Otaga-ni Rei: Bowing During a Karate Class
It is a sight familiar to most, if not all, karate-ka. You walk into the dojo, everyone stands around stretching, Sensei comes in, everyone bows to Sensei, then you line up and perform the ceremonial bow-in lead by one of the high-ranking black belts that has not yet achieved instructor status. Yet how many of us truly undestand why we just did what we did? How many of us are simply following along and simply accepting this as the norm?
While a full understanding of the history is not necessary, and really has absolutely no effect on our abilities as martial artists, if we are to continue to use the traditional, formal bow-in at the beginning of training I believe at least a cursory understanding of both the format and origins is necessary. Understanding the format should be the minimum level of understanding, as it will allow everyone to at least go through the motions. Understanding the history is extra and gives the ceremonial ritual some context.
The General Format
The format we use is the prescribed ISKF format, and I will stick to this format. While there is probably some level of variation on this format from club-to-club and style-to-style, I really just don’t have the time to get into the minutia. On to the detail…
Sensei takes his position at the front of the class, and the other instructors line up facing him, and in front of the line(s) of students. The other instructors line up in order of rank high to low from left to right. The other members of the club then line up in descending rank order from right to left, forming multiple lines if necessary. The lines should be tight enough that you are standing naturally in Yoi (ready) position, about shoulder to shoulder with the people to either side of you. There is some variation on this, some people like to be packed like sardines. I believe it is more practical to have some breathing space; not so much that there are gaps in the line, but enough that you are comfortable.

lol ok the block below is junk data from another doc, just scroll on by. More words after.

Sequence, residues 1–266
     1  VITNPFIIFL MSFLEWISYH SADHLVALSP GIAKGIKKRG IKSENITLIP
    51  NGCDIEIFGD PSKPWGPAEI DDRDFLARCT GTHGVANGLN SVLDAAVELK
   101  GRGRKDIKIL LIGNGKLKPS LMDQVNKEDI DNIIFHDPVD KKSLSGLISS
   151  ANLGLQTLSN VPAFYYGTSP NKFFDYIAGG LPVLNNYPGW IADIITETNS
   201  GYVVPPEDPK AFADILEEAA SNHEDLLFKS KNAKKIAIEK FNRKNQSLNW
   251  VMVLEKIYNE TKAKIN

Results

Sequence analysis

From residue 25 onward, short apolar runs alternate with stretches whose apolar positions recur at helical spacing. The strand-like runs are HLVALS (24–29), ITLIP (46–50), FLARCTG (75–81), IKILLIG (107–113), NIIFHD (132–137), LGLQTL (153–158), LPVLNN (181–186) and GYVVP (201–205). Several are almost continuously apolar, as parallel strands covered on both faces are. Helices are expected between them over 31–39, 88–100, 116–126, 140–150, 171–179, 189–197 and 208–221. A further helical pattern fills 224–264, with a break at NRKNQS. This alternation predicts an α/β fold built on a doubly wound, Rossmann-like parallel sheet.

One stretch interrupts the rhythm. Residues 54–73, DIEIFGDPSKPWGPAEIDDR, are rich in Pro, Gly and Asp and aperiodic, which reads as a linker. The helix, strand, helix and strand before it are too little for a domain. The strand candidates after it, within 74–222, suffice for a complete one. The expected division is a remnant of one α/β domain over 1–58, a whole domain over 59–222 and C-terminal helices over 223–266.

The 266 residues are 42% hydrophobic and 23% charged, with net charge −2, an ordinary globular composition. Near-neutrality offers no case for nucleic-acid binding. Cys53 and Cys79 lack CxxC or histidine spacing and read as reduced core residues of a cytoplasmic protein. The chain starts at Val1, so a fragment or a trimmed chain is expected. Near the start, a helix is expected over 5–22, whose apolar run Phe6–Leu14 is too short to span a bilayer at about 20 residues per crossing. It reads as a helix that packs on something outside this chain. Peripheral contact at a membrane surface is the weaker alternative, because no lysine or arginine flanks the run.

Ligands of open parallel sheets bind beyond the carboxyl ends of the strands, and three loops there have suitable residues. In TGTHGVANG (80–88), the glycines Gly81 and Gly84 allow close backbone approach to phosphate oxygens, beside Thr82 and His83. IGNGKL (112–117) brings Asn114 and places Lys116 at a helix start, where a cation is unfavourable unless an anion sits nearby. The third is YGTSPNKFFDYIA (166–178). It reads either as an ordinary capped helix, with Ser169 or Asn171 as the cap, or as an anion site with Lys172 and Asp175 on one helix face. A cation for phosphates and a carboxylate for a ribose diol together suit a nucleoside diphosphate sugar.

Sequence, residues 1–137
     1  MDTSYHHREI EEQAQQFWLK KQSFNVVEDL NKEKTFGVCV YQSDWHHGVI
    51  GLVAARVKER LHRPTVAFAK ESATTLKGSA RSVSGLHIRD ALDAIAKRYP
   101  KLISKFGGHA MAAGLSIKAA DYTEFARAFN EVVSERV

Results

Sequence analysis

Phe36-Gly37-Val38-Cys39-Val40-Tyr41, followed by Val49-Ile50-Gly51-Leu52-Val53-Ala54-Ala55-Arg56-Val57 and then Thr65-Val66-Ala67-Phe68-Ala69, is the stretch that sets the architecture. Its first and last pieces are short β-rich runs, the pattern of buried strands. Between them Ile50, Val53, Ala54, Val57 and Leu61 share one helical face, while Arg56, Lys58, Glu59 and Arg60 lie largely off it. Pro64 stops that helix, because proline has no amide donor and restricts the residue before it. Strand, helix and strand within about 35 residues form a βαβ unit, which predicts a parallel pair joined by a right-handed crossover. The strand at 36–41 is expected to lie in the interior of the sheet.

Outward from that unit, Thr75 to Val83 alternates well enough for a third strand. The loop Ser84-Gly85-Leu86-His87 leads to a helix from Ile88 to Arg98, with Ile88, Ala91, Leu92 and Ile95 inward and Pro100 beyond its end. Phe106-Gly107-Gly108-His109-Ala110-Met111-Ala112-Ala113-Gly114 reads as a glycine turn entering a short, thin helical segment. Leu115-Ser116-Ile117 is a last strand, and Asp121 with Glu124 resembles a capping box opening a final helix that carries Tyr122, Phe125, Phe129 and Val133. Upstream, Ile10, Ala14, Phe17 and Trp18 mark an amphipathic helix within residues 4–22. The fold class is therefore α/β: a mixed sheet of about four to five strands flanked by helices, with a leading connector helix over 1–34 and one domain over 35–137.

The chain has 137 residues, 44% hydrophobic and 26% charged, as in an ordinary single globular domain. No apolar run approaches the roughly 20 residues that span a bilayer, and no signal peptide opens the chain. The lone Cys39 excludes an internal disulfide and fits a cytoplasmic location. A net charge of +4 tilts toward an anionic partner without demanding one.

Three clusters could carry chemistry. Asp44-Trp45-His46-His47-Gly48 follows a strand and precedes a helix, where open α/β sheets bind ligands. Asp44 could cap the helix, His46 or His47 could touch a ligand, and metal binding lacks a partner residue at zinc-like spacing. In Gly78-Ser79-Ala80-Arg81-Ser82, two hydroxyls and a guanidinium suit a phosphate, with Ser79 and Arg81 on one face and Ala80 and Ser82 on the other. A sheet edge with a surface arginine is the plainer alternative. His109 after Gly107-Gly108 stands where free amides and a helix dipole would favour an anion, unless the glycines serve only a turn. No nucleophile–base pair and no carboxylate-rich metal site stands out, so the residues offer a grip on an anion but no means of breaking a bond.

When everyone is lined up, the person at the far right of the line, ie the highest ranking non-instructor black belt, gives the commands.
Musubi-dachi – Assume the “feet-together” standing stance. Hands at the sides of your thighs and feet together at the heels forming a “V”. This is a formal stance, used as a preamble to the formal bow.
Seiza – This is actually the Japanese for “proper sitting” and refers to the “kneeling down” stance that we assume for the large part of the bowing-in. To move from musubi-dachi to seiza you kneel first with your left knee, then your right knee, cross your feet (some people do the whole foot one on top of the other, i just cross my toes. Your choice.) and sit back on your feet. Knees should be apart comfortably and the back should be straight. To get up from this position, reverse the motion. Sit up and step forward with your right leg into a half-kneel position. Bring your left foot forward and resume musubi-dachi.
Shomen-ni Rei – Bow to Shomen, the front of the dojo where usually is situated some form of symbol representing the style, or the progenitor of the style.
Sensei-ni Rei – Bow to your Sensei (pun intended… couldn’t help that one :)…). I believe we all know who Sensei refers to.
When all the bowing is finished, the instructor will stand up, followed by the instructor-level black belts. The general populous then rises, and this is the important part, in rank order. The idea here is that the white belts should be the last to rise. It should almost look like a Mexican Wave, starting from the most senior black belts and moving down the line.
Bowing-out is slightly different, with a few extra commands thrown in for extras.
Mokuso – lit. “meditation”. This is often mis-interpreted as “close your eyes” since that is the easiest way to describe it. In truth, the purpose of this stance is for meditative relaxation. You can either clear your mind, or reflect on what you have learned. I have also heard people describe the purpose of this as “to calm you down before you leave the dojo so you don’t get all riled up and pick a fight”… but I would hope that we karate-ka have learned SOMETHING from what we’re being taught, and would know that picking fights is a no-no, riled up or otherwise. This “stance” can be performed either closing your eyes completely (which most people probably do) or by (more accurately) slitting your eyes and focussing on a point about 3 or 4 feet in front of you on the ground. The mind is more easily cleared when it has something to focus on, otherwise you are sitting in the dark trying to fend off random thoughts.